The USSR has two fundamental problems regarding its land. It does not produce enough food to feed its population. And what it does produce does not get efficiently distributed. Both problems can be directly traced lack of individual incentive. Ownership of land, and the fruits of its production, provide incentive. One has only to look at the great agricultural producers in the world to see the evidence of that. In the United States, each farmer feeds an average of 124 people.
Up to the mid 1800's, the USA had a similar problem. It was solved by the "land rush" of the 1850's when the government gave 40 acres (roughly 25 hectares) to anybody who settled the land in the Midwest. Thousands of people left the cities and rushed to stake out a claim in the hope of a better life. Soon tens of thousands of others followed to support the farmers who worked their 40 acres. The farms generated a lot of jobs (income) off the farm as well as food for a growing nation. Transportation, towns and factories sprang up to support the farms who grew the food to supply the cities.
This was all done because the government "gave" away "its" land. In fact, what the government really had done is transferred the responsibility of providing food for its population to a more efficient means of production (via individual self interest) while retaining control (via regulation) and realizing greater social benefit (via cheaper and plentiful food; and increased tax revenues for social services) for all its people.
So the problem in the USSR can be readily (if not easily) solved by conveying ownership of the land to the people. How to do that fairly and efficiently in a country where there is no history of ownership has got to be a nightmare. A lottery could solve that problem.
****(Please note that in the discussion that follows that all numbers are used for illustrative purposes only and may not have any bearing on real values. The discussion uses the term "ruble" without the author having any idea of the value of a ruble in the USSR. It would probably be more appropriate to substitute the formula (10 rubles = the value of one hour's labor). All numbers should be considered relative rather than absolute.)***
All agricultural land under State control (i.e., communes and cooperatives) in the USSR would be broken up into 10 Hectare parcels (It could be almost any size, but generally the smaller the better.). Each parcel would have a Temporary Land Title (TLT) assigned to it. (The TLT is described later.)
The government would then hold a series of weekly lotteries with each lottery drawing based on 1,000 tickets for each TLT yielding a reasonable chance to win for each participant.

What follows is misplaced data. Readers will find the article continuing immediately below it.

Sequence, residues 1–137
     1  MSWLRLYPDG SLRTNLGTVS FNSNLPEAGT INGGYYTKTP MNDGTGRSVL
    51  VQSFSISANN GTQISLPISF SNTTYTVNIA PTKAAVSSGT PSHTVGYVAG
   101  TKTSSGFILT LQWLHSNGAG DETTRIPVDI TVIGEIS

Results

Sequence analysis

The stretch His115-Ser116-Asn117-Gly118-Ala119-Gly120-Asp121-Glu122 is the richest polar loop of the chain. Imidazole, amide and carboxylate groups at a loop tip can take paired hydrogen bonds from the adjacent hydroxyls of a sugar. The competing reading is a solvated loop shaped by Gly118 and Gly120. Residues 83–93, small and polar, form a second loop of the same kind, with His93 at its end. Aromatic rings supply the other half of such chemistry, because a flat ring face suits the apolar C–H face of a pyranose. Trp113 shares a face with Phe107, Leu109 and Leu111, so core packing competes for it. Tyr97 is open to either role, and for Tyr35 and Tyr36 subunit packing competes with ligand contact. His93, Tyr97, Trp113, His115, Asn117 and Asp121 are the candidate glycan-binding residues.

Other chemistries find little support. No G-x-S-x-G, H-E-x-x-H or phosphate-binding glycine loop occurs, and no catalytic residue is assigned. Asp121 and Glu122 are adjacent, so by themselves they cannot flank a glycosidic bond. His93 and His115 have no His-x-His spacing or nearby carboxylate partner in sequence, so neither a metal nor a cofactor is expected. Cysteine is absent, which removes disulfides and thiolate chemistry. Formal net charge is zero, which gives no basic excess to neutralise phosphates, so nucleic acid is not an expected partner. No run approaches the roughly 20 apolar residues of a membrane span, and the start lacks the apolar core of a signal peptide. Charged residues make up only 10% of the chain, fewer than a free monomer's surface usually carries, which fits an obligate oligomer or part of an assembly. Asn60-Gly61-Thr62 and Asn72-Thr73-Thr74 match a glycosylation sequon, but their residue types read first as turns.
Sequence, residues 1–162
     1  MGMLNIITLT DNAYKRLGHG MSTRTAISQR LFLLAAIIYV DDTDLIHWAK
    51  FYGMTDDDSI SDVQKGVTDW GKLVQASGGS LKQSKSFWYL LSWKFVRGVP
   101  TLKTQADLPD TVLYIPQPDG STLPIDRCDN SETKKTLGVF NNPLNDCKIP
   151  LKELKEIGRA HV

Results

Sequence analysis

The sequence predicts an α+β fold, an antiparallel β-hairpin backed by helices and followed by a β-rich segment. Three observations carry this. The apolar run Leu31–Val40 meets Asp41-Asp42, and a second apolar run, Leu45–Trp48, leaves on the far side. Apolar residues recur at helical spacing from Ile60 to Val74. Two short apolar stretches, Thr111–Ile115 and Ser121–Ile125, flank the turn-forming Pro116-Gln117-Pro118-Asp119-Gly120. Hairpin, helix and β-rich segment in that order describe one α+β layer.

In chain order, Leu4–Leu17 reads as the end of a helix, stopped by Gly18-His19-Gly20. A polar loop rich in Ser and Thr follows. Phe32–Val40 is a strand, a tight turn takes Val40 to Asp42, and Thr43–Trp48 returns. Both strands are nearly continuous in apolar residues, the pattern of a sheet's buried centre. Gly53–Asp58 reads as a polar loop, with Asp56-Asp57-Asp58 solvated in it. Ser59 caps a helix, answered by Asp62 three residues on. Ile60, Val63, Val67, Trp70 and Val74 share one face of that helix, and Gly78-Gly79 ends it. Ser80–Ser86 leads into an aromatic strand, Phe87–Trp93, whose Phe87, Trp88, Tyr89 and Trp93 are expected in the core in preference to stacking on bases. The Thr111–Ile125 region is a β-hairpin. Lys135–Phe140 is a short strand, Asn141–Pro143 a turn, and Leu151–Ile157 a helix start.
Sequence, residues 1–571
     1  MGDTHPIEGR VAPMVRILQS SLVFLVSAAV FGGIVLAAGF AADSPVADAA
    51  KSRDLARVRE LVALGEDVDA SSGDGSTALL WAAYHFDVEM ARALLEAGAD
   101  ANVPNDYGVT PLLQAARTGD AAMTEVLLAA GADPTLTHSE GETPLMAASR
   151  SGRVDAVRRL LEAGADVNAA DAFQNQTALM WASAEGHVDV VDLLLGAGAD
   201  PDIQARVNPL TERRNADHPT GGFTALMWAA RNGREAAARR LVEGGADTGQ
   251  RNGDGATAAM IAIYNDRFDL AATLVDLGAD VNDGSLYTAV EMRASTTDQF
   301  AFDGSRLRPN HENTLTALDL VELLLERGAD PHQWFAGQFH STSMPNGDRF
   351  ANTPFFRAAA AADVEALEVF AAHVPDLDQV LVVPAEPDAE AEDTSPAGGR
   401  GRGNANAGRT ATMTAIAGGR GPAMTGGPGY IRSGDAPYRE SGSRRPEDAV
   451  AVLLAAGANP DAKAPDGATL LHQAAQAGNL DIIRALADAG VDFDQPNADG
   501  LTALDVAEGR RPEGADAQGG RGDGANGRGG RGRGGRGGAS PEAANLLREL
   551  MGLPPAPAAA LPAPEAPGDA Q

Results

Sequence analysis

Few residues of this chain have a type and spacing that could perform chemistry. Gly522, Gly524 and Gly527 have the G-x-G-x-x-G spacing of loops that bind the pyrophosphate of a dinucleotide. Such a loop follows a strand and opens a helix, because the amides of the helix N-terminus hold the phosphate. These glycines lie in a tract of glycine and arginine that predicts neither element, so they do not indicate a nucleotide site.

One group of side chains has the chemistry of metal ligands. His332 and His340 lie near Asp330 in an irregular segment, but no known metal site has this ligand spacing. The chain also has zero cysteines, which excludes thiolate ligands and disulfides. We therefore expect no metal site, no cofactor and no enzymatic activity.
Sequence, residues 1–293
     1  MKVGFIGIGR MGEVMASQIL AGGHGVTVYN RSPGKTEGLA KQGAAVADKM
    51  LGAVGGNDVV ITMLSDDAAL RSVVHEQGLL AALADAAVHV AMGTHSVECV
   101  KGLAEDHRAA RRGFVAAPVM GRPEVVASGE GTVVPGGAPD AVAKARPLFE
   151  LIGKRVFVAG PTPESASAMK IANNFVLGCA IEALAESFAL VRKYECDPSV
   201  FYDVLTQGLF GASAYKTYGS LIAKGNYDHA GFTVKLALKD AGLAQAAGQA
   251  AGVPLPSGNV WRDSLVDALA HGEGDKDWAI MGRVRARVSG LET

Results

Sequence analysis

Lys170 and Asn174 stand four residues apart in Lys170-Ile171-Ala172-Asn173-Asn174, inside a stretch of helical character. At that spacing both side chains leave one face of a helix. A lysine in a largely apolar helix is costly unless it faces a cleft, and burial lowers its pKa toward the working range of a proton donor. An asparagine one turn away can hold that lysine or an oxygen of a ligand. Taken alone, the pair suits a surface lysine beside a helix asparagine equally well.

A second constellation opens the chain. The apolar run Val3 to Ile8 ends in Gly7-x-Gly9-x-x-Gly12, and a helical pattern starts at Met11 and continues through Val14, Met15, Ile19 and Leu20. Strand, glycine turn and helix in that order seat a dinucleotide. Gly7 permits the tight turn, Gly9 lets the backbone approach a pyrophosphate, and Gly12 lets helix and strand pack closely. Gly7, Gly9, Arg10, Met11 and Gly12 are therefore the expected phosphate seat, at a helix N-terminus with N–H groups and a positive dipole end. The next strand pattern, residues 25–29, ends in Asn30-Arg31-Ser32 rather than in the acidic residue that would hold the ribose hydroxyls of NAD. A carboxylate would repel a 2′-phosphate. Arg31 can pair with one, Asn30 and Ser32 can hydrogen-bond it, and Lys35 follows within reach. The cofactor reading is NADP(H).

At 10 rubles a ticket, the State would realize an immediate infusion of 1,000 rubles per hectare less any cost of the lottery (printing, distribution, etc.). Further, as the lotteries gain acceptance, several exceedingly beneficial results will become quickly manifest:
Following is proposed framework for the Land Titles:
After the initial startup period, any (two or three) years in a row not producing the minimum value would cause TLT reversion to the State (back into the lottery).
If the TLT owner does not exercise his option to buy the land covered by the TLT, the land would then either go back into the lottery or preferably go on the auction block. An open auction would serve to establish true value for the land.
It doesn't take too much imagination to see TLT owners banding together to form cooperatives on their own, with each member contributing. Members from the city taking over the transportation and marketing while the more experienced farmers do what they do best... tend the land (including the parcels of the transport and marketing members).
Almost overnight an impoverished nation will create much of the wealth required to build a civilized nation. And it only takes a tad more imagination to envision a similiar scheme to turn over the stores and factories of the USSR to the people.
Certainly any mechanism for redistribution of wealth on such a grand scale is going to be subject to skepticism and even ridicule. It's the easiest thing in the world to say why something won't or can't work (apparently a necessary trait for government service), but it's a lot more productive making it work. One thing is certain - What's being done now doesn't work.
(Written August - September 1991)